Once the USB stick is prepared, copy the entire contents of a Windows/Hyper-V Server ISO to it.

Next, follow the directions in the script. If you do not follow the directions, I left a reminder for you. Place the edited file on the USB stick. If you have drivers, place them as well. The script as-written looks for its drivers in sub-folders of a “Drivers” folder but you can do whatever you want.

The script as you see it is for one of my systems. Your task will be to change it for one of your systems.

It performs these operations in order:

  1. Very basic host configuration, like a name change.
  2. Installs drivers. Feed it .INF files.
  3. Enables roles and features. Hyper-V and MPIO are handled automatically.
  4. Reboots. You must have supplied a valid local administrator account in the beginning of the file or the whole thing will stop here. Remember that enabling the Hyper-V role requires two restarts.
  5. Configures physical adapters. My hosts do not support Consistent Device Naming (CDN) so I configure them by MAC. Tinker with the Get-NetAdapter lines to suit your system.
  6. Configures network team(s). Comment this section out as necessary.
  7. Configures virtual switches.
  8. Configures virtual network adapters for the management operating system.
  9. Joins the domain, if one is specified along with valid credentials for a domain account that has permissions to add computers to the domain.
  10. Reboots if domain join was successful.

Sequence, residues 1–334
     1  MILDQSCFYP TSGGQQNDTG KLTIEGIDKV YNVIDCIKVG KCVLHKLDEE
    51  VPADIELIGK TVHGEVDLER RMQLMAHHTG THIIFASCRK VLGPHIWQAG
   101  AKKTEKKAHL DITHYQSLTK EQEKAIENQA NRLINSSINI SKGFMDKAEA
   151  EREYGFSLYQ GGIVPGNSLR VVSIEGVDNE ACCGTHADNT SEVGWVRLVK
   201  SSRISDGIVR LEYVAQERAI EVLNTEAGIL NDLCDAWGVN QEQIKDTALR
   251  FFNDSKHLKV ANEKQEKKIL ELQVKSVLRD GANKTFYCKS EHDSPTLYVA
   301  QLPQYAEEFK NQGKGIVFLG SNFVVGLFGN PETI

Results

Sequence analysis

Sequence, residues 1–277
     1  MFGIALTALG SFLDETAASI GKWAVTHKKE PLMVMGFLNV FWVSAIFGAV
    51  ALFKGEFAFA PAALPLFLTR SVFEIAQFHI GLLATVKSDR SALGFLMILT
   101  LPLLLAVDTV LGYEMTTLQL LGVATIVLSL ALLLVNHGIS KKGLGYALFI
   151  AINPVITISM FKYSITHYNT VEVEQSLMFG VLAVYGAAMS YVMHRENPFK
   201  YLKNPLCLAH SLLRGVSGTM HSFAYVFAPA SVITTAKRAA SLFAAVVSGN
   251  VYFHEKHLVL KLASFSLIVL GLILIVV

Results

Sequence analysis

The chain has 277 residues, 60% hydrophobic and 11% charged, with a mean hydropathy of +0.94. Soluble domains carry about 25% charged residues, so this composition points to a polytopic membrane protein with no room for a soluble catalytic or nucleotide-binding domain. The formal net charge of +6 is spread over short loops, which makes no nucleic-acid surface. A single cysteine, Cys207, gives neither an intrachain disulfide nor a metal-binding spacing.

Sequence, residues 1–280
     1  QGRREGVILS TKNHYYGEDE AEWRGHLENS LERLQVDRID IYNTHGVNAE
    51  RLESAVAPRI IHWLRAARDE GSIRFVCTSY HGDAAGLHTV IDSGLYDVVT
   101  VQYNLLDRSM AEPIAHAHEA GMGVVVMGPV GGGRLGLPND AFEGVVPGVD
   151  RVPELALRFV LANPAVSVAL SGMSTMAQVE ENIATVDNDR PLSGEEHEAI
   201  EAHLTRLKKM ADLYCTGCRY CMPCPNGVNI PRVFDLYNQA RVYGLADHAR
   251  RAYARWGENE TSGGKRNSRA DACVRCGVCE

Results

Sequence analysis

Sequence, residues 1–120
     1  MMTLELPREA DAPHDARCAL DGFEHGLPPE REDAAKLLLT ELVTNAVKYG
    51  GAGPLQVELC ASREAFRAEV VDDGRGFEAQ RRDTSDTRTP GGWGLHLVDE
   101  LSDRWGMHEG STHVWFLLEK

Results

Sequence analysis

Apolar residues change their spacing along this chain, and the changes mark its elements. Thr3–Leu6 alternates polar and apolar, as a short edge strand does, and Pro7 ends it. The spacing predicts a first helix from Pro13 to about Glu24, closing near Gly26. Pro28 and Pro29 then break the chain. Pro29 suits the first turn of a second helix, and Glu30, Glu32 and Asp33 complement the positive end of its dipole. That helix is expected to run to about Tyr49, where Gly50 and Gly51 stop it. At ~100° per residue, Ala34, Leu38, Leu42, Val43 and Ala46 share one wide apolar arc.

11. iSCSI is configured. I placed the iSCSI section here because you might have configured your target to expect particular initiators, and initiators for a host change when it joins a domain.
  12. Some Hyper-V defaults are set.
  13. Any customizations that you make are performed.

Everything that this script does is recorded to C:WindowsLogsRebuildHost.log. Absolutely read this file after each use.

I tried to make it very clear where you need to make changes and how they need to be made. Just follow my lead. The toughest spot will probably be the iSCSI section. There are so many possible ways to configure iSCSI that it’s tough to make an all-purpose script.

WARNING/DISCLAIMER: The following script is intended to be run on a freshly installed Windows Server or Hyper-V Server host. It will cause catastrophe-level changes if run on a functioning host, including but not limited to: all teams being deleted, all network information being lost, all virtual switches being deleted, and release of those sensitive pictures you have on your phone (just kidding on that last part). Neither Altaro Software nor I are responsible for any bad things that happen because of this script, especially if they happen because you didn’t read the instructions.

This is a copy of the RebuildHost.log file from my testing:


I’d like to know what you think of this. If you find it useful, please let me know. If there’s something that would be good to add for the community’s use, suggest it in the comments.